15 Mo. 80 (Mo. 1851), McGill v. Somers

Citation:15 Mo. 80
Opinion Judge:GAMBLE, J.
Attorney:HAIGHT, for Plaintiff. SPALDING, for Defendants.
Court:Supreme Court of Missouri

Page 80

15 Mo. 80 (Mo. 1851)




Supreme Court of Missouri.

October Term, 1851


A certificate of confirmation issued by the recorder under the act of 26th May, 1824, is only prima facie evidence of a confirmation under the act of the 13th June, 1812.


The description list sent to the surveyor's office, by authority of the act, is evidence of as high a character as the certificate would be; and a properly authentic ted extract from it, is entitled to all the effect that the original certificate would have.


A survey made under the act of 29th April, 1816, when examined and sanctioned as contemplated by law, is conclusive upon the government, and upon all persons who claim under titles subsequent to the survey; and, of course, upon mere intruders and strangers without title; and it is prima facie evidence of locality against all persons who claim under an opposing title.


When two surveys conflict, the proper locality must be determined by the history of both claims. If it appears that the two titles, when properly located, cover the whole or part of the same land, the right must be determined as a question of law, in favor of the superior title. If the titles are of the same age and description, and there is no evidence to impeach the survey of either; the party in possession cannot be disturbed.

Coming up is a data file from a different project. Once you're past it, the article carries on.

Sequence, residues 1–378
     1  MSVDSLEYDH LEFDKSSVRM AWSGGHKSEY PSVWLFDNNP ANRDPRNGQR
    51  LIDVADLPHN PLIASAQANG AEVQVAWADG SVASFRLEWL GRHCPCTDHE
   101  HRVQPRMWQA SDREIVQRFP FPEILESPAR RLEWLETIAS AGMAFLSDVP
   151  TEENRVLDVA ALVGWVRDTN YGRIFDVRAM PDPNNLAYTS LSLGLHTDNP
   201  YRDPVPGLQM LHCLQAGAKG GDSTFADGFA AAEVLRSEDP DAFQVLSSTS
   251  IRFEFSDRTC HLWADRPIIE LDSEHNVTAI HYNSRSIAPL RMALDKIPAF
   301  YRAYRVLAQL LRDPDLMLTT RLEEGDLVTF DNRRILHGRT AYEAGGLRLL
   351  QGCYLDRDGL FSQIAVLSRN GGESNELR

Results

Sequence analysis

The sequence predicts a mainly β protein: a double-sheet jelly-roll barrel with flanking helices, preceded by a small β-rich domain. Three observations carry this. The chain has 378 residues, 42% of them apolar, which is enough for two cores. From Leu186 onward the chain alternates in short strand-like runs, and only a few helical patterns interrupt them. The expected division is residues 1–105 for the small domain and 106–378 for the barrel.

5. SAME.

Surveys covering the same land may be correctly made, and the fact that confirmations embrace the same land, is no impeachment of the survey.


A confirmation under the first section of the act of 13th June, 1812, if of a common-field lot, is superior to an opposing title, which stands alone upon a confirmation, under the act of 29th April, 1816, and if under the first act the land be granted to one, it cannot, under the last, be granted to another.


A confirmation under the act of 1816, when properly surveyed, is superior to a New Madrid ocation.


Known and fixed boundaries and monuments, called for in a grant or deed, control the courses and distances stated in the same instrument.


HAIGHT, for Plaintiff. 1. It seems unnecessary in submitting a brief in this case to do more than state the points decided. The decision is so grossly wrong that argument would be wasted. The court decided, in refusing the first instruction, that the confirmation to Cottard, and the survey and location under it, did not vest the title to the premises in Cottard if the survey and location were correctly made. 2. The court decided, that if a part of the land confirmed to Cottard was within the survey to Motard, or within the commons, and the land in controversy in this suit was not embraced in either survey, the defendants would be entitled to a verdict. 3. That the title of the representatives of Joachim Roy was a better title than the confirmation to Cottard. 4. That monuments and visible boundaries do not control course and distance. 5. That the commons title and the Motard confirmation would both be set up as outstanding titles, though neither included the premises in question. 6. That the claim of Adams, and the confirmation to him under Motard was an out lot. 7. If the court found the facts to be that no claim had ever been made by Adams to the land in controversy, and that he had accepted a survey and confirmation excluding it, the title of lands would be a bar to the plaintiff in this suit. Other points not less absurd were decided, but these are deemed sufficient for the present purpose.